Exploring Gender Differences in Self‐Regulation: Interactive Effects of Mood and Self‐regulatory Focus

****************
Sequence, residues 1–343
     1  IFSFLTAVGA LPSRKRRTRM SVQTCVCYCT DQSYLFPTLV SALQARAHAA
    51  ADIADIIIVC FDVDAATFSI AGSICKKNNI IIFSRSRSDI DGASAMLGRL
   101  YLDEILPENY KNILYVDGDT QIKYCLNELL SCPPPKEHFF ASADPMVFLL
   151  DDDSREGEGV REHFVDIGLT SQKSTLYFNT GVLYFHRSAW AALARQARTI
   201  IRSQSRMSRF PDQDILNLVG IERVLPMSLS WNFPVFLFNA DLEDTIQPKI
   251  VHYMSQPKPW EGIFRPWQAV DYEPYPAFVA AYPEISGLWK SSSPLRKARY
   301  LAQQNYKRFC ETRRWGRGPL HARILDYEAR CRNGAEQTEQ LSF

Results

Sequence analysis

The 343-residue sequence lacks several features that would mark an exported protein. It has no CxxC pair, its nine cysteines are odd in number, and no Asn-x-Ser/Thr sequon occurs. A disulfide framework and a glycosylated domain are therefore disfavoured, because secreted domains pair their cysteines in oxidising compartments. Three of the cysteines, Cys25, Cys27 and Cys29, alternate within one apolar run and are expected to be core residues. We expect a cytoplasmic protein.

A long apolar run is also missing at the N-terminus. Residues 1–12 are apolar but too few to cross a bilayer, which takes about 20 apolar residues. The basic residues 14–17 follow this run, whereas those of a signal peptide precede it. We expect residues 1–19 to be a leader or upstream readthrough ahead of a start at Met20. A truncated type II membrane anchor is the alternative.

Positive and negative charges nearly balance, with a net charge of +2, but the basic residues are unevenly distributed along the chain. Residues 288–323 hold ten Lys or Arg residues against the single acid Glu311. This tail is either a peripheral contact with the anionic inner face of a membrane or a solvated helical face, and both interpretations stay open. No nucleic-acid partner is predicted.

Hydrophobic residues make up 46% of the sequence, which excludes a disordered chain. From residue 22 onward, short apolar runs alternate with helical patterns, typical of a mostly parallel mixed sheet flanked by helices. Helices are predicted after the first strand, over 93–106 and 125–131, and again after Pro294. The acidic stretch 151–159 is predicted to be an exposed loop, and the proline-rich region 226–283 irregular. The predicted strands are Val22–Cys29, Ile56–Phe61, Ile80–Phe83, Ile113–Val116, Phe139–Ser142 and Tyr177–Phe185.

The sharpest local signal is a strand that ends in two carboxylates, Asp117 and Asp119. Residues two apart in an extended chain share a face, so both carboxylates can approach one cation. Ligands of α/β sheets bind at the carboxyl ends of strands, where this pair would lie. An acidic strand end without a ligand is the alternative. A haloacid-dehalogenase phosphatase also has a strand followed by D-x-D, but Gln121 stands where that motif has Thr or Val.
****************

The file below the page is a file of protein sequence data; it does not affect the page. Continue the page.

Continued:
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In this research, the author explores a wide range of risky behaviors among college students and highlights some important gender differences in the complex socio-psychological processes underlying these behaviors. First, based on prior research it is suggested that men are more likely than women to indulge in risky behaviors in general however there are significant differences between the men and women in the influence of mood on their risky behaviors. Positive mood is shown to affect both the genders in a similar manner whereas under negative mood men are more likely to indulge in risky behaviors compared to women. Next, it is argued that the influence of promotion focus is stronger on men compared to the women whereas women are more likely to be influenced by prevention focus compared to men. This is because most women are brought up on the notion that it is not socially acceptable for girls to indulge in "manly" activities whereas boys are specifically motivated to participate in adventure-seeking, physical activities. Finally, it is suggested that even a highly promotion-focused female would be less inclined to indulge in risky behaviors compared to a moderately promotion-focused male and vice versa. Results from an empirical study are reported and some directions for future research are suggested.
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